1. The hemagglutinating capacity, enzymic activity, and infectivity of several influenza viruses were destroyed by repeated freezing and thawing of dialyzed allantoic fluids containing them.
2. Influenza virus degraded by freezing and thawing, by treatment with 5 M urea, or by heating at 65°C. still combined with homologous antibody and was demonstrable by blocking of the hemagglutination-inhibition and virus neutralization reactions.
3. After 50 cycles of freezing and thawing, much of the blocking antigen activity was not sedimented by centrifugation at 120,000 g for 2 hours, and electron microscopy showed complete disruption of the virus particles. So called soluble blocking antigen was obtained from four strains of influenza A, the Lee strain of influenza B, mumps, and Newcastle disease viruses.
4. Soluble blocking antigens from influenza A viruses were highly strain-specific; gave little or no reaction in complement-fixation tests; stimulated but little antibody production in rabbits and did not induce immunity in mice; caused reactivation of infective virus in neutral mixtures of homologous virus and immune serum.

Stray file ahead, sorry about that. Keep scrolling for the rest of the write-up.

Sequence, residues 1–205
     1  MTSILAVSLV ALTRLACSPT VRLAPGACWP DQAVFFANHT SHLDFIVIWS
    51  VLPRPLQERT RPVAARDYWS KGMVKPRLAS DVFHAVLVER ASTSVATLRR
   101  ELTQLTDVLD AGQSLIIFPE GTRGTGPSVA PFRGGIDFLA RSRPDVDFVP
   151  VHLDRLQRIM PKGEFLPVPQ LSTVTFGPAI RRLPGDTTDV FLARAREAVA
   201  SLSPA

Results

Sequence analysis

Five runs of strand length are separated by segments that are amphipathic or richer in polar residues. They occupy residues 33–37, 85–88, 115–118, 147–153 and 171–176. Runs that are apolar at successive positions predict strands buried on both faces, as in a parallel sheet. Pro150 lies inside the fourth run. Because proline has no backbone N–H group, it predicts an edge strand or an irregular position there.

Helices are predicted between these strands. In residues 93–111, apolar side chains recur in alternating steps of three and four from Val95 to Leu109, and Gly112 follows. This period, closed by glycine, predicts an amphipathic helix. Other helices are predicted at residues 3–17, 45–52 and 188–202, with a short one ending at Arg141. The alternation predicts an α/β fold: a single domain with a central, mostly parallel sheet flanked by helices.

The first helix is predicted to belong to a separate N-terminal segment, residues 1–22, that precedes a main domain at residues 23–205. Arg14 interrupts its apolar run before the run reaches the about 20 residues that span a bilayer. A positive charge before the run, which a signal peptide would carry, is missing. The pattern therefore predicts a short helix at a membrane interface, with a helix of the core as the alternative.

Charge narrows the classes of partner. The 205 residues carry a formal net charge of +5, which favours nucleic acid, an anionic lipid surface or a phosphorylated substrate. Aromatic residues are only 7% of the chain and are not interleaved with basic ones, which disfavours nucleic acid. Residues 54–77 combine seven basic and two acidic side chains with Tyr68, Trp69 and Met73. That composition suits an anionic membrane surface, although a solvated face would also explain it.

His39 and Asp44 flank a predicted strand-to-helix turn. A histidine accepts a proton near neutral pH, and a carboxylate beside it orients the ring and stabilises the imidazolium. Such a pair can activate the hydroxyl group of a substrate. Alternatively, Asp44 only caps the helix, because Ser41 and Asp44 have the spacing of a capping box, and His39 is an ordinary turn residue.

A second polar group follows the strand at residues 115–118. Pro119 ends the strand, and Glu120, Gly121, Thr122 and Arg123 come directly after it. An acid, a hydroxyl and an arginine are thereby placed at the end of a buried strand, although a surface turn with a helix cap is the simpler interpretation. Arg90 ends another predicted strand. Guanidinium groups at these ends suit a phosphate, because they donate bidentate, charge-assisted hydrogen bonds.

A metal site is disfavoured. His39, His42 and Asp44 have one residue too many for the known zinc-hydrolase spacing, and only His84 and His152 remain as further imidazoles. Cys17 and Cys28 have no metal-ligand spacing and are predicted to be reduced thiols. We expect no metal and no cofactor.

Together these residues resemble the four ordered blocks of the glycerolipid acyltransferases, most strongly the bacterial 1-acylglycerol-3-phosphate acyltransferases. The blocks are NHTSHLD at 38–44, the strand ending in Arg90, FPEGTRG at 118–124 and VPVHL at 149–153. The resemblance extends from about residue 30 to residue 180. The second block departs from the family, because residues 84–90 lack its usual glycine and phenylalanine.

5. Repeatedly frozen and thawed influenza virus preparations did not interfere with the propagation of infective virus in the allantoic sac. The blocking antigen activity they contained was precipitated by half saturated ammonium sulfate, destroyed by trypsin, chymotrypsin, or heating at 56°C. for 30 minutes, but was unaffected by desoxyribonuclease or ribonuclease.
6. These findings are in accord with the view that soluble blocking antigen obtained from influenza virus particles on disruption by repeated freezing and thawing is protein in nature and represents the essential antigenic material of the intact virus.